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How Do You Help a Wild Pig Cross the Road?

By Jack Ewing 

Wild pigs using a tunnel under the road

Wild pigs using a tunnel under the road.

I once saw a menu from a fictitious restaurant called the Road Kill Cafe. “You Kill it; we grill it.” It offered selections such as flat cat, smear of deer, awesome opossum, chunk of skunk, and swirl squirrel. The daily special was called “The Mess. If you can guess what it is, you eat it for free.” The chef’s name was “Squash em Jack.” I always thought that menu was hilarious, but later in my life, I realized that road kill is a serious problem that can have a major impact on wildlife populations. I think the experience that really brought the problem to my attention was the day an employee brought a dead jaguarundi for me to see. It had dashed out in front of his car so quickly that he didn’t have a chance to brake. That incident made me realize that steps needed to be taken to minimize road kill and maintain connectivity between forests on both sides of our roads and highways. We live in biological corridor where biodiversity has been increasing since the mid 1980s, and where, until recently, the roads were so bad that cars couldn’t go fast enough to kill any but the slowest animals. The construction of new highways and the improvement of old ones has changed all of that.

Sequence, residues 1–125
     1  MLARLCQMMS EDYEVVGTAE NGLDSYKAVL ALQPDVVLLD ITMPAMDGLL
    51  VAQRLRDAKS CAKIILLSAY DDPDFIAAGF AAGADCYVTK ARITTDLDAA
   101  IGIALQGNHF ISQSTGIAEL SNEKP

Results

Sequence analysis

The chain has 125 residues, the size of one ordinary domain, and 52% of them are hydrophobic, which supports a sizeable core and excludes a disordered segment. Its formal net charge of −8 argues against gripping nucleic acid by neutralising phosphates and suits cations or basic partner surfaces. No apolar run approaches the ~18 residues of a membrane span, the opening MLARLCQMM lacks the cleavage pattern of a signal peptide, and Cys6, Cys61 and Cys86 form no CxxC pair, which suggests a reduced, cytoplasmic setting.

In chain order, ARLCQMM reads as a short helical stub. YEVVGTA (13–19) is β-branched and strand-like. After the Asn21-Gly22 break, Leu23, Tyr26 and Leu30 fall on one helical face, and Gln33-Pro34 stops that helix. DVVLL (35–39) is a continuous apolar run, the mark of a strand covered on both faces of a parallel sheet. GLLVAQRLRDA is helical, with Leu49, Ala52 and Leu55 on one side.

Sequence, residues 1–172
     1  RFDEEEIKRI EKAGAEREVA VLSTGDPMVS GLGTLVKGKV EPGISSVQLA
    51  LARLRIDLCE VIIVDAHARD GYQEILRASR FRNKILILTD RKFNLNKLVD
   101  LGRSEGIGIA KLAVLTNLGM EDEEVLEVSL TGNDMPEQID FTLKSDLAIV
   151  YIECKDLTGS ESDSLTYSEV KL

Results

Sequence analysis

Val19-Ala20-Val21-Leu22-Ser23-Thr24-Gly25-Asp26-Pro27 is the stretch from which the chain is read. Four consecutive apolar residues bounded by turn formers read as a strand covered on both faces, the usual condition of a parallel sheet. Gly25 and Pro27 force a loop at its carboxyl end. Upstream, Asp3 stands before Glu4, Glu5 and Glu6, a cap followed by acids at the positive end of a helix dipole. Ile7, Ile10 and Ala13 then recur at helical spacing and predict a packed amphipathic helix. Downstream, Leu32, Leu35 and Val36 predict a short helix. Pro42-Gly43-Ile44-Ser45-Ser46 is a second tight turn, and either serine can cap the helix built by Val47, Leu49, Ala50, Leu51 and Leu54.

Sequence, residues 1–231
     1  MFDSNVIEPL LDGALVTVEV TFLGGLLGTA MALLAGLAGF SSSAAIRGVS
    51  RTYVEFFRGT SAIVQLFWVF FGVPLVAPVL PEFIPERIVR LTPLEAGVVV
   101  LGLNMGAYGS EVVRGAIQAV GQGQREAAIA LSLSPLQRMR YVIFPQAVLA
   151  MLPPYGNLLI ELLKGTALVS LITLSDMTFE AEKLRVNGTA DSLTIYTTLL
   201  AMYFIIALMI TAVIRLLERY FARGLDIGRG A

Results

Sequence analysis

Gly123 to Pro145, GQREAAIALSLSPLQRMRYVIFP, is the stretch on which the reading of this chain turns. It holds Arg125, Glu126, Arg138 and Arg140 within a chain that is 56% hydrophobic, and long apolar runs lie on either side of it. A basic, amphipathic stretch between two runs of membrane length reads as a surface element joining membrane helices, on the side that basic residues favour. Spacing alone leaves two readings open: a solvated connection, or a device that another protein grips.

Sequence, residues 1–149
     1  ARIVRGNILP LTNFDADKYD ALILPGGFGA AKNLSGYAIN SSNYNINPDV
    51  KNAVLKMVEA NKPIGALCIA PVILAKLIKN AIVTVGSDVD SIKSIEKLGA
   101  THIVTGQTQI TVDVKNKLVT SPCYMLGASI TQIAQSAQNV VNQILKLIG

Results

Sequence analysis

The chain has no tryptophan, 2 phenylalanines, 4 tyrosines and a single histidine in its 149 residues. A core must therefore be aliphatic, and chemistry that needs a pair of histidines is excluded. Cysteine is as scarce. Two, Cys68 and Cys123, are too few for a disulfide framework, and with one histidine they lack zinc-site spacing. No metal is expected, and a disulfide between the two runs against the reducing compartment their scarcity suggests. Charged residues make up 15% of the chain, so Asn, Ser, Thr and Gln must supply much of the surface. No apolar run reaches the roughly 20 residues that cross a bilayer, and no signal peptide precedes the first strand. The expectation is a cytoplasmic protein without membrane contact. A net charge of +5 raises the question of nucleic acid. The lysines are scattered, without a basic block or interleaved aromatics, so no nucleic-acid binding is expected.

Hacienda Baru

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